To make a profit, in the FOREX, a trader can enter the market as a *buy position* (known as going "long") or a *sell position*(known as going "short").
For discussion, let's assume you've been studying the EURO.
Your trading methods, rules, strategies, etc., tell you that prices will rise during a particular timeframe. So you buy the EUR/USD pair (or, technically, you will simultaneously buy euros, the base currency, and sell dollars).
You open up your handy trading station software (provided to you for free by the online broker), which resides on your desktop, and you see that the EUR/USD pair is trading at:
REMEMBER: the quote to the left of the / (1.3242) refers to the bid or "sell" price (what you obtain in USD when you sell EUR). The quote to the right of the / (1.3245) is used to obtain the ask or "buy" price (what you have to pay in USD if you buy EUR).
So, since you believe that the market price for the EUR/USD pair will go higher, you will enter a *buy position* in the market. For simplicities sake, let's say you bought one lot at 1.3245. As long as you sell back the pair at a higher price, then you make money.
But, no worries. This seemingly elaborate process is handled, and even calculated for you, via the broker's software mentioned above. The chart software and the quote board are in agreement with all sides of the currencies.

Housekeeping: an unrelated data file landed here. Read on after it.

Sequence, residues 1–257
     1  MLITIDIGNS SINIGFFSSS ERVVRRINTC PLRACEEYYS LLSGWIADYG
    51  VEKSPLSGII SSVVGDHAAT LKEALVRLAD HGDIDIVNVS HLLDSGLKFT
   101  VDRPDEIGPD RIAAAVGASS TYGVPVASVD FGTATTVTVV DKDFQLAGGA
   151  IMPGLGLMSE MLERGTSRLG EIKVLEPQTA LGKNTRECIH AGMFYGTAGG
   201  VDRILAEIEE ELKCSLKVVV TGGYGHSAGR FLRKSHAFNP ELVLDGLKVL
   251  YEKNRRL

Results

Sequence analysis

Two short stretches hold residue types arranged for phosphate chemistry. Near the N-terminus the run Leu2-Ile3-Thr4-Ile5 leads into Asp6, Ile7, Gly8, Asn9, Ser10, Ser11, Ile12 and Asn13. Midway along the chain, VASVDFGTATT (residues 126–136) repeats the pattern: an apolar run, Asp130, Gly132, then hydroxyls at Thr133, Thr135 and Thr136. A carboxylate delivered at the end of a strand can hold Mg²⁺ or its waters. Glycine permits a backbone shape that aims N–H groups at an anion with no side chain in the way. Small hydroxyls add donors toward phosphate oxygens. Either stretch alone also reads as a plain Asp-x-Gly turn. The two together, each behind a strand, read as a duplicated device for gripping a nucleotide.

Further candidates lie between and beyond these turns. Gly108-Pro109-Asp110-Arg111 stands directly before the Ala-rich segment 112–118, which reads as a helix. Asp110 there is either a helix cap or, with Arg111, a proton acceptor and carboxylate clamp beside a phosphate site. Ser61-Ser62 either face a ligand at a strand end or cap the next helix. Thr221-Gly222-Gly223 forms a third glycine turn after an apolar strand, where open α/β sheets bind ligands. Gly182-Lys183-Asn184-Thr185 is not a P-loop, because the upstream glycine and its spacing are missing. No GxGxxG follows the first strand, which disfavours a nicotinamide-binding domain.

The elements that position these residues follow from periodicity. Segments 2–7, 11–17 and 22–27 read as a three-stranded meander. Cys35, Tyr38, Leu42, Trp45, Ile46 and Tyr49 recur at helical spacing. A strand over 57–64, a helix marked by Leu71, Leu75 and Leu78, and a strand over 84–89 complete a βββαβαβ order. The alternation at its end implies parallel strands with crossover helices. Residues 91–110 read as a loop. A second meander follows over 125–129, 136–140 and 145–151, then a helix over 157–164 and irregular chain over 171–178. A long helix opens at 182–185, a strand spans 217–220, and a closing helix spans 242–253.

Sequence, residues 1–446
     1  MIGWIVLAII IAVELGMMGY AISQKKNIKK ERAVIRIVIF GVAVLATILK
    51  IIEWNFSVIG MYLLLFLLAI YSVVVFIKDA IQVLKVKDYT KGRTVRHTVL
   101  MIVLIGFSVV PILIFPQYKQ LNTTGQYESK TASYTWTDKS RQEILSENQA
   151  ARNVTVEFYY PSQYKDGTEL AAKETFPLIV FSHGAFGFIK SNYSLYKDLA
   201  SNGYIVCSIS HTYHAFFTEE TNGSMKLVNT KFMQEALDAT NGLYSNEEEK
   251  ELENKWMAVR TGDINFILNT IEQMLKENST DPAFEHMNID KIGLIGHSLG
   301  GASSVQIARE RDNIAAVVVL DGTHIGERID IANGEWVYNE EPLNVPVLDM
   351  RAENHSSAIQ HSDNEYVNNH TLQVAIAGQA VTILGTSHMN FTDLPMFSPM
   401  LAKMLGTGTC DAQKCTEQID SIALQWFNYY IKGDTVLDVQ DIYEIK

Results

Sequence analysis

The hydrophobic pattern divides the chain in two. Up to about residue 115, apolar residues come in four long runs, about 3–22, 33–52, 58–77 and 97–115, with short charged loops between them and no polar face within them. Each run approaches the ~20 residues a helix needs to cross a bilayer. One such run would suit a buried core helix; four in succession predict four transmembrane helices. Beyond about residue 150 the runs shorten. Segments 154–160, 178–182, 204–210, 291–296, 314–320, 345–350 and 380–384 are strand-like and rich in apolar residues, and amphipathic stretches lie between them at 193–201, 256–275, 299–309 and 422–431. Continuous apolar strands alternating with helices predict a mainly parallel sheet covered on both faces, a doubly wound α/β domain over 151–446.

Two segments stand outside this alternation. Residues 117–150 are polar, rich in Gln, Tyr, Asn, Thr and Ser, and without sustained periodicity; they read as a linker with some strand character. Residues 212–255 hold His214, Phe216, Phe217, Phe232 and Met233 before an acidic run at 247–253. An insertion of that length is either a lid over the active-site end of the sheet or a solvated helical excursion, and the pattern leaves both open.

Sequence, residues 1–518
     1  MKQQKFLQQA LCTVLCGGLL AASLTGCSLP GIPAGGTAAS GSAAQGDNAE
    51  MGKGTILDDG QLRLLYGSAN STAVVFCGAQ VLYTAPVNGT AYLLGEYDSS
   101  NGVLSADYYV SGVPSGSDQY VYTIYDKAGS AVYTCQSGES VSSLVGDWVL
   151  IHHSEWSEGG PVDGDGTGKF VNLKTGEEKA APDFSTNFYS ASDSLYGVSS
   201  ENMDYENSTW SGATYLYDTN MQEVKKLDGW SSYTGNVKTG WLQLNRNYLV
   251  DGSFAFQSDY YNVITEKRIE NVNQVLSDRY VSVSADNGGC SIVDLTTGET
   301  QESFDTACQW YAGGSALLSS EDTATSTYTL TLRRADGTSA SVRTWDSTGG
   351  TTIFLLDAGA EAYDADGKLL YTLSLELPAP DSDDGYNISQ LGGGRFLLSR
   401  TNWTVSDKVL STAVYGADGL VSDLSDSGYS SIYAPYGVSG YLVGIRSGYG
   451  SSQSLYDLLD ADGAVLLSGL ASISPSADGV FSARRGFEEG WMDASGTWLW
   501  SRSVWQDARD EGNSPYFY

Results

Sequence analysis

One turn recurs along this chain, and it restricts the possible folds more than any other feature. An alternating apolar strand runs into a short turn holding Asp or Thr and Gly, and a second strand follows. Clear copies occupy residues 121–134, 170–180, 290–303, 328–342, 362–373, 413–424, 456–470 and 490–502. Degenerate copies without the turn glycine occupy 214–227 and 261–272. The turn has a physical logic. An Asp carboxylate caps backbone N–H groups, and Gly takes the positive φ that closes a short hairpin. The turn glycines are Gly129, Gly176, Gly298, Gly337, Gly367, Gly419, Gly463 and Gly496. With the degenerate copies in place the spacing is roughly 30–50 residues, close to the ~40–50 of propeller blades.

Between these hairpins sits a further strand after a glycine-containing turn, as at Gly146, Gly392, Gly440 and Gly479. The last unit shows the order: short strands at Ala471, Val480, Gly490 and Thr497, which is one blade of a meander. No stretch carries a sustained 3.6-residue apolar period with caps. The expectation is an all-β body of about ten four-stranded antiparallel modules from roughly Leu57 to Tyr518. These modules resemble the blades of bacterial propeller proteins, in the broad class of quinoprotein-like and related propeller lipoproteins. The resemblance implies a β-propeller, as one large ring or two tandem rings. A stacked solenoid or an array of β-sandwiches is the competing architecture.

To illustrate a typical FX SELL trade, consider this scenario involving the USD/JPY currency pair:
REMEMBER ~ Selling ("going short") the currency pair implies selling the first, base currency, and buying the second, quote currency. You sell the currency pair if you believe the base currency (USD) will go down relative to the quote currency (JPY), or equivalently, that the quote currency (JPY) will go up relative to the base currency (USD).
NOTE: while the Profit Calculations, on the Short-sell trade scenario below, may seem somewhat complicated if you've never been in the FOREX market before, trust us when we say, "this process is nearly seamless through your broker trade station (software). We're just showing you this thought-process below so you can SEE how a PROFIT occurs even when
SELLING a currency pair.
The current bid/ask price for USD/JPY is 105.26/105.30, meaning you can buy $1 US for 105.30 Japanese YEN or sell $1 US for 105.26 YEN.
Suppose you decide that the US Dollar (USD) is overvalued against the YEN (JPY). To execute this strategy, you would sell Dollars (simultaneously buying YEN), and then wait for the exchange rate to rise.
So you make the trade: selling US $100,000 and purchasing 10,526,000 YEN. (Remember, at 1% margin, your initial margin deposit would be $1,000.)
As you expected, USD/JPY falls to 104.26/104.30, meaning you can now buy $1 US for $104.30 Japanese YEN or sell $1 US for 104.26
Since you're short dollars (and are long YEN), you must now buy dollars and sell back the YEN to realize any profit.
You buy US $100,000 at the current USD/JPY rate of 104.30, and receive 10,430,000 YEN. Since you originally bought(paid for) 10,526,000 YEN, your profit is 96,000 YEN.
To calculate your P&L in terms of US dollars, simply divide 96,000 by the current USD/JPY rate of 104.30.
Total profit = US $920.42
Omar Vargas is a freelance writer with articles published in a number of places. You can learn more about Forex trading and its great advantages over other kind of business at this useful website: http://www.1-forex.com